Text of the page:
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Coming senior tsunami requires preparation


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POSTED: Thursday, October 23, 2008

A tsunami rolled across the entire U.S. financial system during the past few weeks that the average person never saw coming and got no warning about. Much of this financial news is very complex and difficult for most people to understand.

With the recent decline in the stock market, it seems the public's interest in their 401(k) accounts and impending retirement has taken on a sense of urgency. This financial crisis forced people to take notice about one of the most important chapters of their lives: retirement and how to properly plan for it.

But there is another “;tsunami”; on the horizon that will require further planning: the generation of baby boomers soon facing retirement age. And there is a growing concern that the programs associated with growing older will be overwhelmed, creating a crisis in housing, health care and quality living.

  The numbers associated with aging paint a challenging picture:

» Hawaii's share of residents 65 years and older is the seventh highest in the nation.

» Nationwide, our population over 65 is growing faster than any other demographic age group, and by 2020, one in five Americans will be over 65.

Over the next 40 years, long-term care needs in Hawaii are expected to double, and about half of those 85 years and older will need some long-term care before the end of their lives.

Hawaii's housing, medical services, long-term care industry, and financial and other social services have not kept pace with the growing needs of senior citizens. Susan Reinhard of the AARP Public Policy Institute recently noted that Hawaii has a low count for long-term care beds and is short on community-based senior care facilities.

  The primary burden for caring and supporting our kupuna begins with our own ohana. It's estimated that there are some 125,000 informal caregivers in Hawaii, mostly family members, providing an estimated 120 million caregiving hours each year at an unpaid value of nearly $1 billion.

In fact, baby boomers themselves are now dealing with their aging parents and with the problems and concerns that will soon become their own personal challenge.

Where do you turn for information and help when the following conversational worries stop at your doorstep?:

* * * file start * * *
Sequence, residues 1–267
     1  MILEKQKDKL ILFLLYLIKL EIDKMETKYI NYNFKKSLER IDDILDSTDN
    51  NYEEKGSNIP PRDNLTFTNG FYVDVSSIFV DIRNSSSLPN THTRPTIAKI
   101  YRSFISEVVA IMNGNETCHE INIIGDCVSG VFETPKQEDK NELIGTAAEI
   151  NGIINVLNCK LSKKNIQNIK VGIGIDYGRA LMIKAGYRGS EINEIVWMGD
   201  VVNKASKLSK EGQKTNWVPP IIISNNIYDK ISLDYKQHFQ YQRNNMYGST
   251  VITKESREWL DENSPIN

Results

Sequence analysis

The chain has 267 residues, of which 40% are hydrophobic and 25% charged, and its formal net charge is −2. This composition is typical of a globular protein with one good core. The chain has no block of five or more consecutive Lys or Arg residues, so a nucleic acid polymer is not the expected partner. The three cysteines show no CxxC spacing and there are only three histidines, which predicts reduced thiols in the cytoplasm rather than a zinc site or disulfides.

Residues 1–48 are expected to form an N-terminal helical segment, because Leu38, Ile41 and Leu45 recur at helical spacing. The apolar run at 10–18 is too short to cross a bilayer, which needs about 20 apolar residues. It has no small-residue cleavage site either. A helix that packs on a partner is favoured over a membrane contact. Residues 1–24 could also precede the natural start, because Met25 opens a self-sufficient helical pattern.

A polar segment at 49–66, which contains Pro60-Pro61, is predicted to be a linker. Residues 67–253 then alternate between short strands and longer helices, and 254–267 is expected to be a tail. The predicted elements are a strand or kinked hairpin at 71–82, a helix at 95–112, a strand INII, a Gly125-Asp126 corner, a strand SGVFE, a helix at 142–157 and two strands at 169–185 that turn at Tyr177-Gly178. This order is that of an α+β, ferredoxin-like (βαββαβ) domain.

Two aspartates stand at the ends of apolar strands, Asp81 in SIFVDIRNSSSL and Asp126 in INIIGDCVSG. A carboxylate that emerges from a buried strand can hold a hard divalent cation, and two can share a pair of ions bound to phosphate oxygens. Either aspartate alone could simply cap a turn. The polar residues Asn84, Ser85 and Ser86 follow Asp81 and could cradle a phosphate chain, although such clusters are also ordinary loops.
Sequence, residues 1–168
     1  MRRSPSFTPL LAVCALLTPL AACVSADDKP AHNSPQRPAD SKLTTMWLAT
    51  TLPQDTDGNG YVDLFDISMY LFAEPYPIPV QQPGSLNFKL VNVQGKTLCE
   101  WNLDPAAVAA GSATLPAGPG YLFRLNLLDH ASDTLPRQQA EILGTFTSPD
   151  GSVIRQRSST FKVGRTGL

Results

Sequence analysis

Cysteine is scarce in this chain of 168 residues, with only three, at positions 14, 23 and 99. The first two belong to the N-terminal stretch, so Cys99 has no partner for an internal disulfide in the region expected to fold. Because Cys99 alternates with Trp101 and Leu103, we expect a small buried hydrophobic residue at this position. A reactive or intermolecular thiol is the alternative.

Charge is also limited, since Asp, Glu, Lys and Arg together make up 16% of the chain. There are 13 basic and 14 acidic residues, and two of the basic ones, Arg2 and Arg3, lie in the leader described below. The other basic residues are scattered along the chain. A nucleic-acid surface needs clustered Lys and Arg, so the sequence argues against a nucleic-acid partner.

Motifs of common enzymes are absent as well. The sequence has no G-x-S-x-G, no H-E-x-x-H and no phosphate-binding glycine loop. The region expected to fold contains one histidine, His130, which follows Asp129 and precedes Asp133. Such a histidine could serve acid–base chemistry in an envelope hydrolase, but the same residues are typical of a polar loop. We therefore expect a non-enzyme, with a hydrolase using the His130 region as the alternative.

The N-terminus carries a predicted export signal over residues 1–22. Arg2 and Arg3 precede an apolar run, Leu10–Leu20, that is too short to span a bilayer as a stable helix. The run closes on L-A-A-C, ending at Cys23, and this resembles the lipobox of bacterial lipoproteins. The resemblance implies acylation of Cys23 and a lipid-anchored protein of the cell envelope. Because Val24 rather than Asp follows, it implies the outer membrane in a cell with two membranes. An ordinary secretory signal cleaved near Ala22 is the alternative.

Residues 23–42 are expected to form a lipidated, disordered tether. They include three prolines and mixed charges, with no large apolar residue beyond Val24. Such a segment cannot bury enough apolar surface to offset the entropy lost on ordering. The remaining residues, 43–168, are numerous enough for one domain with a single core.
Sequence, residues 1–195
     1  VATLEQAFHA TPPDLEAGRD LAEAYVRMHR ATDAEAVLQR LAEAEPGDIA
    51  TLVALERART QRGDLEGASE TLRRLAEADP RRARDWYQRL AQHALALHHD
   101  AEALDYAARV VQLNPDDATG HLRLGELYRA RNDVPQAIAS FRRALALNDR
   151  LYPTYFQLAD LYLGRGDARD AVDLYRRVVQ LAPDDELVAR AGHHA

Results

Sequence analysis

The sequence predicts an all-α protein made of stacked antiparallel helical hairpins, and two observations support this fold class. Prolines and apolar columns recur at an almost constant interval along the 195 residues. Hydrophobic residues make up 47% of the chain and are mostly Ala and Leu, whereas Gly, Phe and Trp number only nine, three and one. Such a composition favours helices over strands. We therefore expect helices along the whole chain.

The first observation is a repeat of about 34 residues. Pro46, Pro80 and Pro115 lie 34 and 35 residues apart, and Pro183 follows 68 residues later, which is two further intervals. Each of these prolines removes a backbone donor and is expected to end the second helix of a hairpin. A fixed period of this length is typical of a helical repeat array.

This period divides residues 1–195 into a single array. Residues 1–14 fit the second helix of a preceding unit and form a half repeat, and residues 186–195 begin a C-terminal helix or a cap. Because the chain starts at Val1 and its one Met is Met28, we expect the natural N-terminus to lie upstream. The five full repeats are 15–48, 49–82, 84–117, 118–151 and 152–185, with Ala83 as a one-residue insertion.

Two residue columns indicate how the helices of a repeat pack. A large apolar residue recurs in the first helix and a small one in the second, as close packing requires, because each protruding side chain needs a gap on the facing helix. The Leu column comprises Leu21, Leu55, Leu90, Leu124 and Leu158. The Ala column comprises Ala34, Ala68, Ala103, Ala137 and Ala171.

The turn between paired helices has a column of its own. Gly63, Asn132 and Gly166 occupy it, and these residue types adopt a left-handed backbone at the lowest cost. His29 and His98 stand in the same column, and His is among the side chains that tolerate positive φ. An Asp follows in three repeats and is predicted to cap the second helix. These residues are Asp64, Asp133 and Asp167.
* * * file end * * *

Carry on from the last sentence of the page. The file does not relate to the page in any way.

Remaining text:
”;My mother is going on 80 and she lives by herself. I visit every day to make sure she's OK and hasn't fallen down or hurt herself.”;

”;My father is 83 and physically healthy, but his mind is slowly going. He lives with us, but with the kids, it's pretty crowded and financially tough at times.”;

The good news is that there are viable blueprints for successful aging.

  Here are several planning considerations:

» Personal responsibility. Seniors want to remain independent in their homes, maintain good health, receive adequate health care, and do not want to outlive their assets and income. So plan now. Educate and prepare yourself on the needs, costs and reality of aging. Acknowledge that aging presents difficulties and even daily tasks such as bathing, dressing, housekeeping and taking medications might require some assistance later on in life.

» Business responsibility. Business owners and leaders need to encourage responsible retirement planning by employees. Acceptable retirement programs for workers should be available at their workplace.

» Increased collaboration between public and private senior service agencies and organizations. Strong support is needed from government and from private organizations that offer a variety of housing solutions for seniors. The continued dedication and support of our religious and nonprofit community service organizations are an absolute must.

» Understand the senior continuum of care. Your senior years will bring unparalleled health care challenges, ranging from independent living to assisted living, and the possibility of long-term care, special care for those who develop Alzheimer's and dementia, and end-of-life care. Timely assessments by doctors and geriatric experts can help identify changing personal needs, which can be factored into one's aging plan.

Clearly, the privilege of living a long life does not come easily, but with planning, knowledge and a responsible commitment to recognizing and funding the cost for your senior years, successful aging is within our grasp.

 

Emmet White is president and CEO of Arcadia and 15 Craigside senior living communities in Nuuanu.